As for Ernst_Rohr's suggestion that France suffered so heavily it deserved the reparations: France never garunteed its neutrality in an era where it was expected and had a standing alliance with Russia. Russia was aggressive towards Austria-Hungary, Germany's ally. Germany immediately said it would support Austria-Hungary, thus it mobilised when Russia did. Germany only had plans for a war with France and Russia, not just one and then the other, so it mobilised its plan, which entailed knocking out France, then focussing on Russia. Thus, France was dragged into the war by its alliance with Russia that left Germany no real choices. France was as eager for war as Germany, just more cautious because of its 1870 defeats.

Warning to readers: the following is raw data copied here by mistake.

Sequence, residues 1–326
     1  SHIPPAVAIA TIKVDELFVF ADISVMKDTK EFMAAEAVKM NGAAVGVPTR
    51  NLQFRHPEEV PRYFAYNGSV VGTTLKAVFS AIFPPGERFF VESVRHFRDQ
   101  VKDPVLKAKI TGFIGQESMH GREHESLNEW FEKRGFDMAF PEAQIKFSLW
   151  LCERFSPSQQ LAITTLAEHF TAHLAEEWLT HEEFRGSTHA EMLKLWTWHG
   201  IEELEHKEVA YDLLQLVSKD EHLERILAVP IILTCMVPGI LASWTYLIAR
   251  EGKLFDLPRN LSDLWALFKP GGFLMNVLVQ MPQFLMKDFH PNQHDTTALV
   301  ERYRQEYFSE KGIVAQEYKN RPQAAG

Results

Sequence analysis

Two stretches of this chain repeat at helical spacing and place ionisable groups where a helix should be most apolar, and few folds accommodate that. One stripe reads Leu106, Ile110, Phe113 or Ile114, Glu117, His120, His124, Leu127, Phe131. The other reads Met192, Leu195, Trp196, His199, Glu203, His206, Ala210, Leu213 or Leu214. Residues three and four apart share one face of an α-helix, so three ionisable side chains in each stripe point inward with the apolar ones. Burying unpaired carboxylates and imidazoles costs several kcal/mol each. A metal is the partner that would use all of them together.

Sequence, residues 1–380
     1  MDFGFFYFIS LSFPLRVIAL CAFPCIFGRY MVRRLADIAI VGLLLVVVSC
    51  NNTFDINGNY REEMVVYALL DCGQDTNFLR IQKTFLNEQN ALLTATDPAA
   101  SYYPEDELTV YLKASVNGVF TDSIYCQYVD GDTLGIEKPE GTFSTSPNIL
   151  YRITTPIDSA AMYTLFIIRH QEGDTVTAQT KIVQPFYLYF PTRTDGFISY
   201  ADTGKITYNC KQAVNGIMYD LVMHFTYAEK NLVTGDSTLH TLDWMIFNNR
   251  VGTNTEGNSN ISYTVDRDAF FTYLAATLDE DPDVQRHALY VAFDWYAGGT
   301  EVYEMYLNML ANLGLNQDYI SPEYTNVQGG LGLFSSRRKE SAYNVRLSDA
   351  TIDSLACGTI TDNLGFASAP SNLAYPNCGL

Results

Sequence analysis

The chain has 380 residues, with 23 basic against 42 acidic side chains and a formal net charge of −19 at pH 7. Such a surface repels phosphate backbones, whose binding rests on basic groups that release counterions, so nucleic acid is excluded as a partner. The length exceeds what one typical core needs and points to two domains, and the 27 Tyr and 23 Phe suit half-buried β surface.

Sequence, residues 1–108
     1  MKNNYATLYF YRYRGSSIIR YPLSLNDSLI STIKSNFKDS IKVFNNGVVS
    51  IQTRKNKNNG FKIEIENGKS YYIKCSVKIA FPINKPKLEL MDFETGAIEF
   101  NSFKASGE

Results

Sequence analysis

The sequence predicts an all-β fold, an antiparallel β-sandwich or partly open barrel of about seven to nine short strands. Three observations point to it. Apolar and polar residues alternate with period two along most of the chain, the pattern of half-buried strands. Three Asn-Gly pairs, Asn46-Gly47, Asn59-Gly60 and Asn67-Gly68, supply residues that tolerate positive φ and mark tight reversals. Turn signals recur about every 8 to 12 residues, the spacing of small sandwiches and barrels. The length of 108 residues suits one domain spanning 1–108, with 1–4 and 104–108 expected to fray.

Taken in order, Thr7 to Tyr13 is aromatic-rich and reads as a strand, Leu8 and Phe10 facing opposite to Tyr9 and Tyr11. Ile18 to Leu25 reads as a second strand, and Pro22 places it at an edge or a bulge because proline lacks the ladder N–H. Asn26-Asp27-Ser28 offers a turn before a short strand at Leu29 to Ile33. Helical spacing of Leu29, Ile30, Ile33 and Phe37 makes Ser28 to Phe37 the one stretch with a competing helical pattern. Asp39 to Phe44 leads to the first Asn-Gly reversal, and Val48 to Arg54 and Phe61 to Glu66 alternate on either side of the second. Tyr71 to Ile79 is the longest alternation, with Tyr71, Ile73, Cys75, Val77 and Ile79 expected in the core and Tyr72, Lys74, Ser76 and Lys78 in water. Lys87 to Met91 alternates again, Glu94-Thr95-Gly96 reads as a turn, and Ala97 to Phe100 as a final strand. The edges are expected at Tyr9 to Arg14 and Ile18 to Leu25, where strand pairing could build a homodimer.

France had no right to blame it all on Germany: Germany was responding to a threat from the Entente the same as France would in reversed roles. France also had no right to revoke Brest-Litovsk.

The French economy wasn't ruined entirely: the Northern region of France is neither industrial or agricultural heartland. Germany, however, was starved of imports and thus its economy was reeling. That's why Operation Michael didn't work: economic collapse. Only Sturmtruppen were given grenades in Operation Michael, it was that bad. The argument that German economic loss was from the loss of colonies is laughable: much of the German Empire were small enclaves for the sake of owning enclaves to say it's an empire. Their base in China was precisely that: German had no real trade interests to cover in China, or that they realistically could. It was just because the British Empire maintained such bases.